Suffer the little children


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Suffer the little children
By Bobby Neal Winters

The leaves had long fled the trees. What few were left on the ground rolled along in fits and starts periodically taking time to dance in a whirl with their neighbors.

Naomi paused at the edge of the street which was empty except for the bands of leaves. Nevertheless she looked left and right, each direction a long time, to make sure no one was coming. She put her cane in the street feeling with it like she might’ve dangled her toes in the edge of a stream when she was younger. Finding it solid enough, she followed her cane into the street and began her journey across.

Her cane was the four-footed kind that sounded with an aluminum click each time she put it to the ground. The wind blew another cluster of leaves past her feet and whipped the scarf that was tied tightly around her face. She came to the other side of the street and heaved herself up onto the sidewalk just in time to be missed by a car which had made a left hand turn onto the street which she had crossed.

She looked ahead of her down the block at the next corner to see if the children were there yet and they were not. They would be by the time she got there, she knew. They always were, and it had been so for the last year or so. Time had ceased to mean anything to her. The seasons whirled away like the leaves that were rolling down the street. Time to her was like a yardstick with no marks on it—except for Sundays.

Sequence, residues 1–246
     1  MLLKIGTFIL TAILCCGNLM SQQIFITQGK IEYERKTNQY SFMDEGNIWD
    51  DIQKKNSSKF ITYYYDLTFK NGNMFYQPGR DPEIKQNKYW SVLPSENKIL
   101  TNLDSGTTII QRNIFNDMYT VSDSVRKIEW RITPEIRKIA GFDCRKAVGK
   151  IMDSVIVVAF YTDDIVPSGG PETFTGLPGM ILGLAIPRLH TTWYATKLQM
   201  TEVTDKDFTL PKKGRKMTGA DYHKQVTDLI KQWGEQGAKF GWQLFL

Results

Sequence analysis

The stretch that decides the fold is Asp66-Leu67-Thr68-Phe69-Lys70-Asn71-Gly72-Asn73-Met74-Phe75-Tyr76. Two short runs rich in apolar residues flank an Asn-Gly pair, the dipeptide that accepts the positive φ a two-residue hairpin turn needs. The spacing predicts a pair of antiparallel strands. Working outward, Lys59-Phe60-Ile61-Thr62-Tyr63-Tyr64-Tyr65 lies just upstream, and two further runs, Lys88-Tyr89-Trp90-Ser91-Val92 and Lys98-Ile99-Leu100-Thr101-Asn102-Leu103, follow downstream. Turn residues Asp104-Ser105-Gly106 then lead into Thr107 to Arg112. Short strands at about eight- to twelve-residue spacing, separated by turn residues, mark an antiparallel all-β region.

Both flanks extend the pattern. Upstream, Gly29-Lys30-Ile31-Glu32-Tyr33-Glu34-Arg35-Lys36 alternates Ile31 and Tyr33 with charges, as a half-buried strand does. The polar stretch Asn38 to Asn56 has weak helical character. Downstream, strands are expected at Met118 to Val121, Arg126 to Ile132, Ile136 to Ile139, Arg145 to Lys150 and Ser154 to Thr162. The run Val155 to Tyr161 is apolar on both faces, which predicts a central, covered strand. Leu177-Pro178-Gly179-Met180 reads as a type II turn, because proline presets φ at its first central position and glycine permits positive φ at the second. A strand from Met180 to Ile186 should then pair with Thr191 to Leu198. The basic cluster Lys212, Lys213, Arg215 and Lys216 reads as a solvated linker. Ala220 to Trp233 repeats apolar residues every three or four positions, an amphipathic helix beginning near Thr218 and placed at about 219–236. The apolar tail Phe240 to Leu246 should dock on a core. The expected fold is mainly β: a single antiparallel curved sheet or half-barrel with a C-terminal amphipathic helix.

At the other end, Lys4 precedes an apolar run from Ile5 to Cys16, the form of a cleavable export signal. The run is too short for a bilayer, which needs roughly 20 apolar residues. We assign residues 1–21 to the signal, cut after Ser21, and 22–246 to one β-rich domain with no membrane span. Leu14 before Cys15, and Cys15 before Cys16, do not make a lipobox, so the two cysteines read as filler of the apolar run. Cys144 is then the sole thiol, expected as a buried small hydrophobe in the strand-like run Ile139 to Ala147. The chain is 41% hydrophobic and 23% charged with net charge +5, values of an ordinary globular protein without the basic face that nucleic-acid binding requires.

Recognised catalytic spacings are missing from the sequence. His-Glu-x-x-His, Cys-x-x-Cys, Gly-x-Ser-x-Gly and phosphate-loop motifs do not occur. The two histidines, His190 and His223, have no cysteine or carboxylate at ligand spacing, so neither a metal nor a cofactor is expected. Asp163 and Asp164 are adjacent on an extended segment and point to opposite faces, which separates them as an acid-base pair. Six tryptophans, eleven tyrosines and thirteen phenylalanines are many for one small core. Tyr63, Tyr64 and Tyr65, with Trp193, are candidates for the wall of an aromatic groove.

Sundays were the days she went to church, rain or shine. Only ice kept her away. At her age, there was a well-worn litany that began “she was in good health and could’ve lived to be a hundred, but then one day she fell and broke a hip,” and ended with a man in a collar and a robe standing by a casket on a rainy day.

Her faith had kept her moving long after everyone else in her life had gone on ahead. The husband was first with a heart attack twenty years ago and then the son in a car accident ten years after than. Now she was alone except for the people she saw at church and, she had almost given up on that weekly ritual until the children started coming.

The neighborhood in which she lived had changed. Old white people were dying or moving away. Young black people were moving in and they weren’t going to her church. The people thinned out until everyone had a pew to himself, and then there were pews that no longer had people. Her ritual trip from the loneliness of her house was now ending in the loneliness of her church. She’d continued going throughout the decline with the thought that if she stopped going she would die, but eventually she decided that perhaps dying wasn’t a bad idea.

Then the children came.

She remembered the first day she’d seen them. There was a little girl of about 5 years and a little boy of about 5 years and 9 months, each with nappy hair and skin so black that it shined. Their parents were nowhere to be found. She saw they were confused.

“Are you by yourselves?” she asked.

“Yes’m,” said the boy.

“Come and sit with me then,” she said. And they had.

From then on, they were her boon companions. At first if they came in after she did, they walked up the aisle to where she was sitting and sat on either side of her, or if they arrived first, they were watching the door when she came in and took her by either arm and walked her up the aisle.

Then one day they happened to meet her on a particular street corner and they walked her to church every Sunday thereafter.

Naomi found them to be open in the manner of children of that age and asked them questions.

“Why don’t you invite your momma and daddy to come with you?” This seemed to her to be a fair question.

“Daddy’s not around much,” the boy said.

“He works,” said the girl.

“Why not bring your momma then?”

“She stays home and visits with our uncles when they come over,” said the girl.

The boy’s face contorted at this.

“You’re not s’post to say that,” he said. “Momma said.”